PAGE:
Supreme Court Refuses to Take Up Homosexual Marriage Cases; Leaves State Rulings Intact

supreme court

The Supreme Court refused to get involved in the national debate over same-sex marriage Monday, leaving intact lower court rulings that will legalize the practice in 11 additional states.

The unexpected decision by the justices, announced without further explanation, immediately affects five states in which federal appeals courts had struck down bans against gay marriage: Virginia, Indiana, Wisconsin, Oklahoma and Utah.

It also will bring along six other states located in the judicial circuits overseen by those appellate courts: North Carolina, South Carolina, West Virginia, Colorado, Kansas and Wyoming. Lower court judges in those states must abide by their appeals court rulings.

The action eventually will bring to 30 the number of states where gays and lesbians can marry. Appeals courts in Cincinnati and San Francisco are considering cases that could expand that number further, presuming the Supreme Court remains outside the legal fray.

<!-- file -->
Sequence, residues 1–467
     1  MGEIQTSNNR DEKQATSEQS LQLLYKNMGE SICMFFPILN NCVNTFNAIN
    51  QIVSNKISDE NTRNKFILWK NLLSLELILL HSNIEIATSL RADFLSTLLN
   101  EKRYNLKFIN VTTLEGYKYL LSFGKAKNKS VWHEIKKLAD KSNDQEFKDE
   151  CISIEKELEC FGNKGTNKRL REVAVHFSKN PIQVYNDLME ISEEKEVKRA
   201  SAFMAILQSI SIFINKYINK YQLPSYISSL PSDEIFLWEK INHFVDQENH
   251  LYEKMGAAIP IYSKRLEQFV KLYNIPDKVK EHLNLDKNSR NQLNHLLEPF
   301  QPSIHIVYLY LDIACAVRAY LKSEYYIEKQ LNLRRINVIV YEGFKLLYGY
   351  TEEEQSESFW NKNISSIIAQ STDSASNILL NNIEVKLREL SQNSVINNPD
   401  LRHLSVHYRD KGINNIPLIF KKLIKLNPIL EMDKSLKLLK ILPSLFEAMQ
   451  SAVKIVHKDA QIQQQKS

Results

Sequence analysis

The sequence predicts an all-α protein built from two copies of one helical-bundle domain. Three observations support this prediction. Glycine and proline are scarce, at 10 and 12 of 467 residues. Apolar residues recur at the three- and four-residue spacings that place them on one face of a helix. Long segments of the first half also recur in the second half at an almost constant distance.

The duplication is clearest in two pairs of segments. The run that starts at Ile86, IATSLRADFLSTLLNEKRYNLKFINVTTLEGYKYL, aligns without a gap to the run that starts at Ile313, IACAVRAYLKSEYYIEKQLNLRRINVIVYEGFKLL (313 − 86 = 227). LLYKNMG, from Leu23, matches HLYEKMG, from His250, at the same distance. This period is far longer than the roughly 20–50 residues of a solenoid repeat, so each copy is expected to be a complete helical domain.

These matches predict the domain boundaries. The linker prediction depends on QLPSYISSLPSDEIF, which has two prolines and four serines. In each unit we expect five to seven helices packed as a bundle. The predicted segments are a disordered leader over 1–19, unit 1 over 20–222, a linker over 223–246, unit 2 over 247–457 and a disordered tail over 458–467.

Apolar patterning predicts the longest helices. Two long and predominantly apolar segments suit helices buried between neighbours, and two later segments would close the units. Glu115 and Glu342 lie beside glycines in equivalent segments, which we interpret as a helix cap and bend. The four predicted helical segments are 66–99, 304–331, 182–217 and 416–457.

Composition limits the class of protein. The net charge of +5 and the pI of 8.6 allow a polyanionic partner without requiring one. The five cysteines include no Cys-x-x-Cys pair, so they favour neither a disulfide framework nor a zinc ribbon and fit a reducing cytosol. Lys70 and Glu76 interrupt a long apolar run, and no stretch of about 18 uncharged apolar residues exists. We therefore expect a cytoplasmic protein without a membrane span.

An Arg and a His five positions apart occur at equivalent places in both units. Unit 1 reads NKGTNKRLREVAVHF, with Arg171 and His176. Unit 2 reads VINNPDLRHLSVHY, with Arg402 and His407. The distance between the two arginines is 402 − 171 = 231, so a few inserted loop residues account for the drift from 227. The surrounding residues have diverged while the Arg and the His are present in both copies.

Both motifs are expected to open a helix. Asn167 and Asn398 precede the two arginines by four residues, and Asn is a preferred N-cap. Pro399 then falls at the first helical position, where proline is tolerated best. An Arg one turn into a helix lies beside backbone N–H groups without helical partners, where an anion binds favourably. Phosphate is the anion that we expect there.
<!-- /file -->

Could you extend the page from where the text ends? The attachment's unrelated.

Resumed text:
“The court’s letting stand these victories means that gay couples will soon share in the freedom to marry in 30 states, representing 60% of the American people,” said Evan Wolfson, president of Freedom to Marry. “But we are one country, with one Constitution, and the court’s delay in affirming the freedom to marry nationwide prolongs the patchwork of state-to-state discrimination and the harms and indignity that the denial of marriage still inflicts on too many couples in too many places.”

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Source: USA Today | Richard Wolf

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